The nukes are more powerful now and can destroy entire nations, not just cities. Another tyrant, whose finger is on a deadly button, can change the course of human history, maybe even write its conclusion. The American president seems to be trying to convince himself that the Russian dictator is a “rational actor,” but the wanton civilian deaths and torture and atrocities committed by his army indicate no remorse or strategic value beyond terror. The basis of the deadly dispute is as old as war itself and revolves around territorial claims, natural resources, and a difference of historical and cultural perspective. After the cumulative carnage, negotiated settlement appears impossible, and humans continue to live with the same fear that has haunted us since we first split the atom.

The compounded risk of geopolitics is no longer just about the potential use of a nuclear weapon. Governments have taken comfort in the textbook notion of deterrence through a concept analysts dubbed “Mutually Assured Destruction,” the idea that there is no desirable outcome in a nuclear conflict because both parties would be destroyed. When one nation fires off a nuclear weapon, the other reacts with an equal response, and the devastation continues to elevate. In the unlikely event anyone survives the initial explosions, radioactive fallout drifting across the globe will kill them with cancer and the destruction of cell tissues. What point would there be to live in such a landscape? To start humanity anew, and repeat the process? What evidence is there we have learned to avoid war? We started clubbing each other on the head in disputes over animal carcasses when we came out of caves and later began dying to defend our imaginary gods, and then to acquire power and control over resources and huge populations. In motives for war and killing, humans are ingenious.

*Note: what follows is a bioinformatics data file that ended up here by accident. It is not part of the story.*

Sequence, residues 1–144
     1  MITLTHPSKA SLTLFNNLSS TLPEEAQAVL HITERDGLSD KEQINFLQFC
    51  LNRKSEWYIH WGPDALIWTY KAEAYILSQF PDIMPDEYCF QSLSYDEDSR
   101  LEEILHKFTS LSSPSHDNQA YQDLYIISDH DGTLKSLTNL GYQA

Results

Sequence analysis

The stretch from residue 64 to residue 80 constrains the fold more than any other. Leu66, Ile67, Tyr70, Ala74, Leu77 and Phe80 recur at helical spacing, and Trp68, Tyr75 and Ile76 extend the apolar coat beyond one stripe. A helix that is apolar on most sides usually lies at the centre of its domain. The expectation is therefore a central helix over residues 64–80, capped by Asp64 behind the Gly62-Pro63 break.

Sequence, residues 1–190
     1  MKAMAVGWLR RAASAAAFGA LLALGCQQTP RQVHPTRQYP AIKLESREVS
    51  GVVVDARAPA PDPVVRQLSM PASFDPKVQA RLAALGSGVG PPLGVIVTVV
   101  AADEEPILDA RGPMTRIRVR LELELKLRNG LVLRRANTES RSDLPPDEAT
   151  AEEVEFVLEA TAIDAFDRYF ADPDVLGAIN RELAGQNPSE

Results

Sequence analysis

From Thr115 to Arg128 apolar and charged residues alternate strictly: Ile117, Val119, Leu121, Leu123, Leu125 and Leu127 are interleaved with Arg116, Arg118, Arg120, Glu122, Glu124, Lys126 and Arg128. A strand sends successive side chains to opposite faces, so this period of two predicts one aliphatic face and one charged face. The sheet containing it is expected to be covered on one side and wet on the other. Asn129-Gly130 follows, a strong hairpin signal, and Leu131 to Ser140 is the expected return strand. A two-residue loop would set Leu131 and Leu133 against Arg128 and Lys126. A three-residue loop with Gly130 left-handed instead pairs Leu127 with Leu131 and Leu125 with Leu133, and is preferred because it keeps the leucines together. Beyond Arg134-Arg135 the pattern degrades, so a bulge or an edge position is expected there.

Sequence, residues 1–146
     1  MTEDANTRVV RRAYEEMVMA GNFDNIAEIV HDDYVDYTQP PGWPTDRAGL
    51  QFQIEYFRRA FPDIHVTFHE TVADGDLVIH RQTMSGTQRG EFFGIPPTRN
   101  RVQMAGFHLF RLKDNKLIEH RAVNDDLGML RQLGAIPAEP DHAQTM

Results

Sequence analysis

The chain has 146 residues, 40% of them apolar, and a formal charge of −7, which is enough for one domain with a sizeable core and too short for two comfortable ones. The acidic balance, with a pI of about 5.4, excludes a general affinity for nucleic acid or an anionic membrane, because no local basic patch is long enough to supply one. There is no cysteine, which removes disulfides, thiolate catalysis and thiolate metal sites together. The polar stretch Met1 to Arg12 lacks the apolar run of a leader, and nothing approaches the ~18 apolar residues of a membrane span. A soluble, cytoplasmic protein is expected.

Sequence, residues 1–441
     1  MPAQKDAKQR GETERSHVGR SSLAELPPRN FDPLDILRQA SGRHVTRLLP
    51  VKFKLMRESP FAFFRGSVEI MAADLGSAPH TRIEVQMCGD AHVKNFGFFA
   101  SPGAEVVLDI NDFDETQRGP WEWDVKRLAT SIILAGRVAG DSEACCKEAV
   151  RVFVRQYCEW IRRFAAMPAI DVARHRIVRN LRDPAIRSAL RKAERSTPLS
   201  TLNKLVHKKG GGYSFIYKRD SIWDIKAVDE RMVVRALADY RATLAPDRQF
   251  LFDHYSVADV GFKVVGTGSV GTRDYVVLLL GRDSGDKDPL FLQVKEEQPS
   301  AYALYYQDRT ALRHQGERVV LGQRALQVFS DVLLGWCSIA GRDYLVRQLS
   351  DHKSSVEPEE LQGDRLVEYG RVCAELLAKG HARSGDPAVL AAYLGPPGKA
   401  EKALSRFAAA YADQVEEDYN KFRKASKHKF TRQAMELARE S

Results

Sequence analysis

During my boyhood, when the world was learning to live with the monster it had bred and let loose, our family of six children and two adults lived in an 825 square foot house in a lower income neighborhood comprised of a Dixie Diaspora. We were uniformly white transplants that had come up from the South, escaping from farms to work in the car and steel factories. There was no time to worry much about nuclear weapons when you were a laborer with a large family. The electricity bill was of greater concern than international politics.

Our house, improvidently, had been built in a flat spot under the approach to the airport and at night as I lay in bed I heard the prop-driven airplanes feathering their engines to land. I never noticed the subtle changes in sound until I started watching the war movies that began showing up on television. I looked closely when the cameras showed airplanes on bombing runs. Not too long after the bomb bay doors had been opened, just as the weapons were released, there was a reduction in the plane's power, which I later learned was to avoid drag on the weapon, keep the aircraft longer over the target, and to improve sighting.